Wednesday, February 24, 2010

Spaghetti with cheese and black pepper

This basic recipe came from SmittenKitchen by way of my sister, Doodles. She thought this dish would taste wonderful in my new pasta bowls. She was right it was tasty but made too much for just the two of us. I had half the dish leftover (more about the leftovers later.)

This is a pretty simple pasta dish but does, in my opinion, require a very good cheese and since I was ready to splurge I picked up some Parmesano Reggiano at Whole Paycheck. Seventeen bucks a pound but since there is nothing else in this recipe to mask the flavor of the cheese so go for the best.

Also grind your own pepper. It calls for 1 1/2 teaspoons but I used more. I love pepper and for this dish I used smoked peppercorns. Giving it a lightly smoked flavor. Your call. I also used penne instead of spaghetti.

What's great about this recipe is it's a start to as many variations as you can think of and I tried a bit of a twist with the leftovers. Here's what I did:

Fry one slice of bacon crisp and removed from pan, chop finely and set aside. To the pan add half cup finely diced leftover tri-tip steak. Fry gently in the bacon fat and add the leftover pasta. If it's dry add water a few tablespoons at a time. Toss with tongs and remove to bowls. Top with the reserved bacon and more cheese. A little chopped parsley couldn't hurt, now could it?

There ya go, a simple pasta two different ways. This is a recipe I'll keep and use again because I love quick and easy meals for nights when I just don't want to cook. As long as you keep your pantry stocked with the basics you're home free.

Spaghetti with Cheese and Pepper [Spaghetti Cacio e Pepe]
Serves 4 as a main, 8 as a first course

1/4 cup olive oil

1 pound dried spaghetti

2 tablespoons butter

4 ounces Pecorino Romano cheese, finely grated

1 1/2 teaspoon finely ground black pepper

Salt (optional)
Cook spaghetti in well-salted water to your al dente tastes in a large, wide-bottomed pot. (You’ll have fewer dishes to wash if you use this pot to assemble the dish as well.) Drain spaghetti, reserving 1 1/2 cups of pasta cooking water.

Dry out your pot, then heat the olive oil over high heat until almost smoking. Add drained spaghetti and 1 cup of reserved pasta water and jump back, this will splatter mightily, also known as “I made this three times, and never once learned my lesson. Do as I say, not as I do.”
Add butter, 3 ounces cheese and ground pepper and toss together with tongs. Taste, adding more pasta water, cheese, pepper or salt (which should not be necessary, as Romano is very salty) to taste.

Serve immediately, sprinkling with reserved cheese and an extra grind or two of black pepper.

Friday, February 19, 2010

Throw me somethin' mister

My friend Crystal, who was born in New Orleans, told the story of how she got her name. When they'd pass by this sign her momma 'n them would tell her that's where they got the idea for her name, Crystal Preserves. I found this photo on the Crystal Hot Sauce site. It made me smile because our dear Crystal died a few years back and I sure do miss her, especially around Mardi Gras. Even though she was transplanted to California she always planned our Mardi Gras "feast" at work complete with "throws" she'd collected. She was a doll.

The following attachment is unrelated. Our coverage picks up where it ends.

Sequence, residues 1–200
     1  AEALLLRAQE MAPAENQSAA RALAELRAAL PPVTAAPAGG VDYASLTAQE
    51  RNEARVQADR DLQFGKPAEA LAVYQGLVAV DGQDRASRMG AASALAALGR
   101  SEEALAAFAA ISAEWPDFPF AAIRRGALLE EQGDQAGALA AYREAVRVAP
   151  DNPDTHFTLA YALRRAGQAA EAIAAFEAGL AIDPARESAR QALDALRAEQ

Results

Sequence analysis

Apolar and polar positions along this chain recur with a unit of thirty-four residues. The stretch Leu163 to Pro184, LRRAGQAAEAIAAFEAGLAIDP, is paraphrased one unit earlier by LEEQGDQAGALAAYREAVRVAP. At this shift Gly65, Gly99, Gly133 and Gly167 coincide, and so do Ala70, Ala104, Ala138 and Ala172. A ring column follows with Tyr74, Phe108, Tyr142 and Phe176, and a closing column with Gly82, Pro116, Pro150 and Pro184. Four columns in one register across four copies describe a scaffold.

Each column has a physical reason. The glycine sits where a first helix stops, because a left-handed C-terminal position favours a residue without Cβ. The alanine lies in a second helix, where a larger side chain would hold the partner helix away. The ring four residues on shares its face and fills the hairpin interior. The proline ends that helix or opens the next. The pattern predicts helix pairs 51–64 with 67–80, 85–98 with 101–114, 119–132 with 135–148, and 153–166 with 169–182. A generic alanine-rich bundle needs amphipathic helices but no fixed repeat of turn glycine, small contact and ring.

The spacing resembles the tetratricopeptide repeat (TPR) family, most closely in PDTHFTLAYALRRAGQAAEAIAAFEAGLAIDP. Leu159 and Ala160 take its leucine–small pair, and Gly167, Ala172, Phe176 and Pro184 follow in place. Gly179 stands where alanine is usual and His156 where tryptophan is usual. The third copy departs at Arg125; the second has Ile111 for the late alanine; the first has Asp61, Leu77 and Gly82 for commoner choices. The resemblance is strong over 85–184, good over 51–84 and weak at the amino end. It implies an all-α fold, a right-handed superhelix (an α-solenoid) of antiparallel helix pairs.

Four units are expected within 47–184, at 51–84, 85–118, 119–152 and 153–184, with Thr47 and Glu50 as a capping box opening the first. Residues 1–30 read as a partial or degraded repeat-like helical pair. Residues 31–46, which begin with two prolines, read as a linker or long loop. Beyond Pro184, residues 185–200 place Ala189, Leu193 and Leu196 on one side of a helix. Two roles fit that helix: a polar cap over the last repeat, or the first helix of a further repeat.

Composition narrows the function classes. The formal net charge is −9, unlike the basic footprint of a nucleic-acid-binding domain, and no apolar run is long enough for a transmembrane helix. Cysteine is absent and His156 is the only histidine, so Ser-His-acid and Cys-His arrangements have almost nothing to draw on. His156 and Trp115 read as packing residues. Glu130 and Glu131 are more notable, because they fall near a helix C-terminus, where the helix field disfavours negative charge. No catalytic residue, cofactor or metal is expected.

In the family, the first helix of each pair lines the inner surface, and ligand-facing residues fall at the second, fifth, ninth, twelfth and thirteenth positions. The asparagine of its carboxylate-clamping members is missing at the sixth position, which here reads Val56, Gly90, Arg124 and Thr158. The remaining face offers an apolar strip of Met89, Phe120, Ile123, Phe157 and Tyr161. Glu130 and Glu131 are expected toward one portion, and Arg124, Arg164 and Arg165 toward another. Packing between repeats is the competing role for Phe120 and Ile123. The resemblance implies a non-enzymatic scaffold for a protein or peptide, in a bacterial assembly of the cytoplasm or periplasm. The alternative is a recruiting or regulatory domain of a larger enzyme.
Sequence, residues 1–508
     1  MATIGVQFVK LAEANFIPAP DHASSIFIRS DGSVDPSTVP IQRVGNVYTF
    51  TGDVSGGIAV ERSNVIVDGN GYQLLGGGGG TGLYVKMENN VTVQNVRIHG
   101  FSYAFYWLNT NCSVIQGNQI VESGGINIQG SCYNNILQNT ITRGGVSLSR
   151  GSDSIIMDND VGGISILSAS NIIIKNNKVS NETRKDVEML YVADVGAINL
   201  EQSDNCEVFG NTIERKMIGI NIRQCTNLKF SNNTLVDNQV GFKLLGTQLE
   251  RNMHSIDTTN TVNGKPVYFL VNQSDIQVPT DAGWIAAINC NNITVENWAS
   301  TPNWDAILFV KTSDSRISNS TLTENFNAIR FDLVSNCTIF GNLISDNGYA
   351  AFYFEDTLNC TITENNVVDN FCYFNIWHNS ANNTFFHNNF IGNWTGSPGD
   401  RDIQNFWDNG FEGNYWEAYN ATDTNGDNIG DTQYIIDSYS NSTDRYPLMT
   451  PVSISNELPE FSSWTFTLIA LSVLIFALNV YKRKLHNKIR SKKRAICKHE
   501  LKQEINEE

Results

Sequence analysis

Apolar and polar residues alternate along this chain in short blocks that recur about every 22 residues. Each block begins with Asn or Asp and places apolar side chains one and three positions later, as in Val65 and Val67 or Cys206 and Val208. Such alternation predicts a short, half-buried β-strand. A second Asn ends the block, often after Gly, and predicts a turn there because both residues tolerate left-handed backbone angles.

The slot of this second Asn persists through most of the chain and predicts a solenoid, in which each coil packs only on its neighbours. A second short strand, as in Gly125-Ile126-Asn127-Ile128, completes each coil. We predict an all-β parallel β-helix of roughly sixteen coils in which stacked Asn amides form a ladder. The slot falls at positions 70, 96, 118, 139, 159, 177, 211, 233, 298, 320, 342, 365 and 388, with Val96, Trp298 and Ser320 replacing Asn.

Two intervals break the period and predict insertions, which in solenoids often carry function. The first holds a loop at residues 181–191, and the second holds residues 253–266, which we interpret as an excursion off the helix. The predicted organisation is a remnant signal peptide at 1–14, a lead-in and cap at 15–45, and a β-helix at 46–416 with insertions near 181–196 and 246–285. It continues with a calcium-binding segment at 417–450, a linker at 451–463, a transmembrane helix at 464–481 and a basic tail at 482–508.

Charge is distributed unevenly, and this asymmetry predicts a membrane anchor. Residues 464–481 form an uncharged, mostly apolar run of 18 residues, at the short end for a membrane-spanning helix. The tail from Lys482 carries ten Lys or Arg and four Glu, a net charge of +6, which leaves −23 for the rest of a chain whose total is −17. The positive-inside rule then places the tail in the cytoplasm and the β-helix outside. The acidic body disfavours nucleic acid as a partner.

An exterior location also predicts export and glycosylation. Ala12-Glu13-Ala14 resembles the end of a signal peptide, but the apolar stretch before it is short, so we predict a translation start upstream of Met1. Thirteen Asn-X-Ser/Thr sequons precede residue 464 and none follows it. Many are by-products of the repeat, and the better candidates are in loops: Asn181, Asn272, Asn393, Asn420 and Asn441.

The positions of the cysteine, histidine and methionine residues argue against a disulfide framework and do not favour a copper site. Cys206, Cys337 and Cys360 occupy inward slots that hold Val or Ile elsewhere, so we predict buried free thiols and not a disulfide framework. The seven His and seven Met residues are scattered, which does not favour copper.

Sorry you're not with us anymore Crystal but, wherever you are, I know you've written and directed a play, sewed all the costumes--and made a great pot of red beans and rice for the after party.

Let the good times roll,
Crystal M. St. Romain
July 8, 1957 - May 16, 2003

In Crystal's honor I made a big pot of Red Beans and Rice. Everyone has their favorite recipes and I'm no different, but I did tweak it a bit. I didn't simmer the beans on the top of the stove but here's what I did.
  • Soak one pound of beans over night in four quarts of water and three tablespoons salt.
  • Drain and rinse the beans and add them to ovenproof pot with onions, celery, green pepper and a ham bone. Then cover with water and bring to a simmer.
  • Place the covered pot in a 250 degree pre-heated oven to cook for one hour. Test the beans and cook longer if not done. They should be soft throughout.
This is a great way to cook the beans. The skins were not tough but the bean was not falling apart, either. I always mash half the beans and they were nice and creamy. I added some smoked sausage and it was a fine pot of beans but since I'm the only one that eats Red Beans, I had to freeze the rest. None will go to waste because this is a dish that freezes well.

Monday, February 15, 2010

Potato Pancakes

a bit different but tasty pancake. Found this in a Bed and Breakfast cookbook that sister and I have traded back and forth for several years.

I am giving you this recipe from memory because I'll be darned if I can find the actual cookbook.

5 medium potatoes to end up with approx.
1 1/2 cup shredded
1 bunch green onions cut small include some of the green
1/2 cup all purpose flour
2 large eggs
salt & pepper to taste
canola oil for frying

Sometimes I cheat and use a package of already shredded potatoes. Don't judge me I live in an RV and space is valuable lol!! Whichever potato you use be sure to squeeze the moisture out of them. Try two clean dish towels that usually works well for me.

In a large bowl mix together all of the above ingredients except the oil, put some oil in the frying pan heat to a medium high. While you are frying up the pancakes keep a piece of plastic wrap over the mixture sometimes it will discolor if you don't.

Make a patty, put the mixture in a medium hot pan, let set for a minute but don't let burn. Serve the pancakes as you make them because they do not hold well in a warmer.

Friday, February 12, 2010

How we do it: hamburger

Let me ask a question: what kind of hamburger do you buy?
  • I examine each package for fat content
  • I buy what's on sale
  • I throw in one of those plastic sleeves of hamburger because I can't stand the look of ground meat.